Sleep is essential for the body's function. It is crucial for overall health and well-being because it allows the body to rest, repair, and recharge, promoting cognitive function, emotional stability, and physical health. Even though everybody knows that sleeping earlier is better, getting enough sleep can be challenging for people with busy lifestyles who are trying to fit everything into one day. So, let’s explore what actual benefits you get if you go to sleep earlier.
There are many benefits to going to sleep earlier, including mental and physical benefits.
The amount of sleep you get is more important than the time you go to sleep.
Creating a bedtime routine and healthy sleep habits can make it easier to go to sleep earlier and wake up earlier.
Benefits of going to sleep earlier
If you are a night owl and need to get to work or school in the morning, waking up may be a struggle. When we don’t sleep enough at night, our bodies can manifest negative symptoms. People who have later bedtime schedules have been shown to have negative side effects including anxiety and depression.
You can get many benefits if you go to sleep earlier and get more sleep at night, including:
- Improved memory. A healthy sleep schedule contributes to the development and fortification of memory. It helps to strengthen those memories of what you learned during the day. Thus, going to bed earlier and getting enough sleep is very beneficial for students.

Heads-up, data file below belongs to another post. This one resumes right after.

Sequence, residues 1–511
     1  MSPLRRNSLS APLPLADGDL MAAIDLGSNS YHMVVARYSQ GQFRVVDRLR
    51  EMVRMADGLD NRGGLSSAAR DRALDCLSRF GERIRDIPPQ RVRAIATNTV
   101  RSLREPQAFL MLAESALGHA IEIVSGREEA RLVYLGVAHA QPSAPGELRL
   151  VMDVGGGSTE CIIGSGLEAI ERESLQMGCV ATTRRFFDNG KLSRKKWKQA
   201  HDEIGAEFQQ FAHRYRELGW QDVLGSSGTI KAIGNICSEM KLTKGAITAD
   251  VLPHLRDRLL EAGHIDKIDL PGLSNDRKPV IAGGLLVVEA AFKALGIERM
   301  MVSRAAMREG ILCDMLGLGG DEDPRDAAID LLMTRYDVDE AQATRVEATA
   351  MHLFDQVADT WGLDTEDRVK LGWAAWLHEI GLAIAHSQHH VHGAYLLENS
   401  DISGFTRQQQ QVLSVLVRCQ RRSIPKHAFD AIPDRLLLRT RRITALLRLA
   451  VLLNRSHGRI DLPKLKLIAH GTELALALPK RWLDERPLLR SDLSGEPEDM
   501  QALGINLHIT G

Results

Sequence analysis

- Better heart health. Poor sleep can lead to high blood pressure and coronary artery disease, causing you to be at higher risk for heart attacks and heart disease.
- Sleep releases hormones and heals the body. Without enough sleep, the body may hold stress hormones, leading to weight gain. If you are trying to lose weight, your sleep patterns can help you achieve your goals.
- Avoiding sleep debt. If you go to sleep earlier, it will be much easier to avoid sleep debt and wake up early. Sleep debt occurs when you are not getting your full amount of sleep at night, causing you to be tired.
- Improved mental health. Sleeping earlier and waking early can improve your mental health. People who do not sleep enough at night are at a higher risk of developing anxiety and depression.